A 20-year tradition in Florida keeps alumni connected with the College of Engineering
The first time Norm Berg organized a winter lunch gathering for College of Engineering alums in 1995 at his country club in Fort Myers, Florida, the guest of honor had to phone in. John Bollinger, then the dean of the college, got stranded at the Minneapolis airport on his way to Florida due to a weather delay, and ended up having to put in his planned “appearance” at the lunch via speakerphone.
Despite that initial snag, Berg turned the lunch into a tradition, annually drawing about 30 college alumni and their spouses—many of whom winter in Florida. In the years that followed, Bollinger and subsequent deans Paul Peercy and Ian Robertson have attended the event.
Usually, the deans’ talks at the lunches give alumni an inside look into the state of the college and how it’s adapting to changes in education, research and industry. Or, as Berg sums it up, “I tell a joke, and the dean tells the truth.”
A native of Eau Claire, Berg earned his bachelor’s degree in mechanical engineering from UW-Madison in 1963, and says that the attendees generally represent a variety of engineering disciplines. Berg also hopes the lunch gathering will encourage others to give back to UW-Madison. His chosen method of giving back to the college echoes why he decided to turn his engineering degree into a marketing career: “I wanted to get out and meet people.”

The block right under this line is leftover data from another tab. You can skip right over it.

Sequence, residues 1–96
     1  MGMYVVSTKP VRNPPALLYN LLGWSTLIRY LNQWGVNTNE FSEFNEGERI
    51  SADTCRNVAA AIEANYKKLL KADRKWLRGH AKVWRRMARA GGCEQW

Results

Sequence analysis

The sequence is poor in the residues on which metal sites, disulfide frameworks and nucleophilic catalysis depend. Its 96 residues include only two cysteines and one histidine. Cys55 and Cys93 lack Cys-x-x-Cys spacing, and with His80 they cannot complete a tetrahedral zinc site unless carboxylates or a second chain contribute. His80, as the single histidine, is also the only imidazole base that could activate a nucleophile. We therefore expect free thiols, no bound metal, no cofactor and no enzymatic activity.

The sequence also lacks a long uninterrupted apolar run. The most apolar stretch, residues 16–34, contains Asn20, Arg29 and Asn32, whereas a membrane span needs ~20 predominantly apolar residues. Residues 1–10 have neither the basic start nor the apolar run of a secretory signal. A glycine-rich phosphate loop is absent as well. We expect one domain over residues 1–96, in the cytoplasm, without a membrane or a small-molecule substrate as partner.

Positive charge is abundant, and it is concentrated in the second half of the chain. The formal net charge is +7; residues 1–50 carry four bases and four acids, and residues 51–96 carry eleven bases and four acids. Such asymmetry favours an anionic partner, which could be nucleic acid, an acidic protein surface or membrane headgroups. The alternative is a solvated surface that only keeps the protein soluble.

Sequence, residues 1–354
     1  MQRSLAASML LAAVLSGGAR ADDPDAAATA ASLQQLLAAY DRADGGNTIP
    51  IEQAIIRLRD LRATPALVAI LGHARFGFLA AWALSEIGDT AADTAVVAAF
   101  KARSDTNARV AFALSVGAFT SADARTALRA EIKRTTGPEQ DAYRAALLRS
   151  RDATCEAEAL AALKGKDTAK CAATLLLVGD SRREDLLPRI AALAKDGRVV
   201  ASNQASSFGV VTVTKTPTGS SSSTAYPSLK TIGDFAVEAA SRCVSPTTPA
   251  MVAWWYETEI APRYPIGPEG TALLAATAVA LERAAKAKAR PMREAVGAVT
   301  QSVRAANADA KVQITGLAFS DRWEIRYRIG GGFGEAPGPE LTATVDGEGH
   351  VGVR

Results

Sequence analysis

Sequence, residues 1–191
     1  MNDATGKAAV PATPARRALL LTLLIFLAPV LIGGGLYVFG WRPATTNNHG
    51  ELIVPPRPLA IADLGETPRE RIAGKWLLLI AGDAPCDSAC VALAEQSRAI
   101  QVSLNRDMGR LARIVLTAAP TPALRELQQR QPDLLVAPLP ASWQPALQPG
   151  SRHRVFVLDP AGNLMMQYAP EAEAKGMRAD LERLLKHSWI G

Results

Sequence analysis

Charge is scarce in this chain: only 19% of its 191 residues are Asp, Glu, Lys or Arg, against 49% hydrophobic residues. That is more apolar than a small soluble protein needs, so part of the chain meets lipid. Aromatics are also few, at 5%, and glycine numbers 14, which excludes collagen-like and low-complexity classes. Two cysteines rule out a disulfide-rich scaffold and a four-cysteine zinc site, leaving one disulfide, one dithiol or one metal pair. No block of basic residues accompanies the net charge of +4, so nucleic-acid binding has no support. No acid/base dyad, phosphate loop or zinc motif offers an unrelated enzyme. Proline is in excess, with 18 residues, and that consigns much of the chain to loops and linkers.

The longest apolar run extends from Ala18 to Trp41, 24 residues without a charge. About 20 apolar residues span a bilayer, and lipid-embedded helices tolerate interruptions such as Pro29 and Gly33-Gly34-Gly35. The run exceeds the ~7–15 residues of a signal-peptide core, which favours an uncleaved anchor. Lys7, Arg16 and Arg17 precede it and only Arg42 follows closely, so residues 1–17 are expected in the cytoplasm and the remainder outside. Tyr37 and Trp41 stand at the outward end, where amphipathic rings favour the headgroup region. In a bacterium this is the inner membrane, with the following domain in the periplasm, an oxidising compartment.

After graduating, he eventually advanced from engineering roles to positions as vice president of marketing and then president of American Steel Foundries in Chicago. He retired from ASF in 1995. After that, he bought a business called Railway Research Inc., donating all of that company’s profits to UW-Madison and other organizations he supports. He sold the business in 2008, and now divides his time between Florida and Wheaton, Illinois.
After 20 years, Berg is stepping down from organizing the lunch, and hopes another alum will take his place.
What’s been in it for Berg all these years? “I knew that it was a good way to support the university by exposing the university to as many people as possible,” Berg says.
And, in addition to allowing him to see old friends, the annual lunch reinforces the bond he felt with other engineers when he was an undergrad. “We had great professors, and the type of people who attended the college were super people,” he says. “We were stuck way at the west side of campus, so it was like we were going to our own separate university.”
The engineering solidarity extends to Berg’s family: His daughter is a Northwestern-educated mechanical engineer, and she married an engineer as well. “Engineering has been
very good to me,” Berg says.